So let's find out fatty acids are really fatty.

The reaction is a simple acid-base between the sodium soap and hydrochloric acid



However, since soap producer does not remove glycerol from product, and also by expiration there were some brown insoluble material, I preferred to pre-treat the waste soap before the neutralization reaction.


What did you have besides fatty acids? Like, what do the fatty acids of the soap expire TO?
Oleate seems to have several possible reactions:


  1. C8H17-CH=CH-C7H14COONa -> C8H17-CHOH-CHOH-C7H14COONa
  2. C8H17-CH=CH-C7H14COONa ->OHC-C7H14COONa
  3. 2C8H17-CH=CH-C7H14COONa ->(C8H17)2C4H4(C7H14COONa)2

So which of these had happened?


[Edited on 13-3-2024 by chornedsnorkack]
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clearly_not_atara
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[*] posted on 13-3-2024 at 05:08


Soap doesn't really expire. They just want you to buy more. Granted there will be some rancidity, but a lot of that probably happened during the manufacturing process. The insoluble material is probably fragrance and wax that was used to make the soap.

Anyway nice work.




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Ubya
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[*] posted on 13-3-2024 at 06:57


i don't think you even need 3L of water.
i converted back 250g of soap back to the costituent fatty acids by heating it in 1L of water, adding some HCl, and check the ph until neutral.
the melted fatty acids don't stay in solution, so you don't actually need to actually dissolve the whole soap.

Anyway great job





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palico
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[*] posted on 13-3-2024 at 08:12


@chornedsnorkack: I have no idea which one those degradation reaction has occurred to my soap.

@clearly_not_atara: ehm no, there were no preservatives, fragrances and so on added, I purchased pure natural olive oil soap, I know the man who made it, the starting olive oil was even mine. The degradation of the soap was evident. It changed color, darkened, changed smell and made a fluffy powder similar to fungi. The soap is basic, the glycerol suffer from degradation and also the double bond of side chain can be oxidized.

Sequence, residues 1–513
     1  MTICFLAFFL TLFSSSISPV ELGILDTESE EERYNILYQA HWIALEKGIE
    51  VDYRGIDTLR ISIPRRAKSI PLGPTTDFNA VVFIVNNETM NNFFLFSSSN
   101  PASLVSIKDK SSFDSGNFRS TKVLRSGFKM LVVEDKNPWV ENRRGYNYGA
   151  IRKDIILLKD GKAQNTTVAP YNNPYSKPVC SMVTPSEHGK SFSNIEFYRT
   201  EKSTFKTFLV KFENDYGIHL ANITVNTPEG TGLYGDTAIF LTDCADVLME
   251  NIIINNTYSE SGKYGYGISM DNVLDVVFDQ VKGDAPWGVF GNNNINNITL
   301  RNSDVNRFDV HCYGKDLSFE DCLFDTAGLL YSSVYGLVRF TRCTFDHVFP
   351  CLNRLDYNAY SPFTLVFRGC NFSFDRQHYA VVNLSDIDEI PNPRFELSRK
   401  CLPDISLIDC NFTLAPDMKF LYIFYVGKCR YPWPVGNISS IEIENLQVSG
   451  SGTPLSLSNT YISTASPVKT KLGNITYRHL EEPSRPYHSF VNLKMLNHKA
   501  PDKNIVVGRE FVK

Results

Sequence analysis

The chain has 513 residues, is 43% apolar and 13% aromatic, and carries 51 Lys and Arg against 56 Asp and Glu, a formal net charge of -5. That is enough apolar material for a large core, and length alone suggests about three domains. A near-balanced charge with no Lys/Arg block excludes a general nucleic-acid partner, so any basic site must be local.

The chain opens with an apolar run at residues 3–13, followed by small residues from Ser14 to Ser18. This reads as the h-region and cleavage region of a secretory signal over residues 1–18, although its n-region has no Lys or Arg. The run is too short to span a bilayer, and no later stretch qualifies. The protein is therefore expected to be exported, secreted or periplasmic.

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Lionel Spanner
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[*] posted on 13-3-2024 at 13:19


Quote: Originally posted by palico  
@clearly_not_atara: ehm no, there were no preservatives, fragrances and so on added, I purchased pure natural olive oil soap, I know the man who made it, the starting olive oil was even mine. The degradation of the soap was evident. It changed color, darkened, changed smell and made a fluffy powder similar to fungi. The soap is basic, the glycerol suffer from degradation and also the double bond of side chain can be oxidized.

It's most likely yeast or mould. Saponified soaps are alkaline and contain very little water at the point of manufacture, but while they're in use, they are in constant contact with unsterilised neutral water, don't absorb that water and are rarely dried after use; yeasts and moulds need relatively little water to grow, compared to bacteria, so they can potentially form colonies over very long periods.

This can even occur in long-term storage if the product is not sufficiently protected from atmospheric moisture.




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bnull
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[*] posted on 13-3-2024 at 14:32


Or sodium carbonate. It happens with homemade soaps. There's almost always an excess sodium hydroxide that gets carbonated. Like this:

20240313_184214.jpg - 134kB

This one is about eight months old, it is wrapped in a plastic bag inside a cabinet and doesn't smell (yet). The color comes from the used soybean oil. It is slightly dehydrated.

@chornedsnorkack: It is way more complicated. The most probable is attack by free-radicals. Oxygen may: either break the double bonds, the products being mainly octanoic acids (with and without hydroxy groups, mono- and dicarboxylic versions) and aldehydes; or form peroxides and ketones. Or even break the double bonds and form peroxides and ketones, in the case of oleic acid, as well as forming (the smelly) butyric and propanoic acids in the case of linoleic acid.




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palico
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[*] posted on 14-3-2024 at 06:48


Your considerations are all correct.



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[*] posted on 14-3-2024 at 14:23


Thank you. I was into homemade soaps and fatty acids some 20 years ago.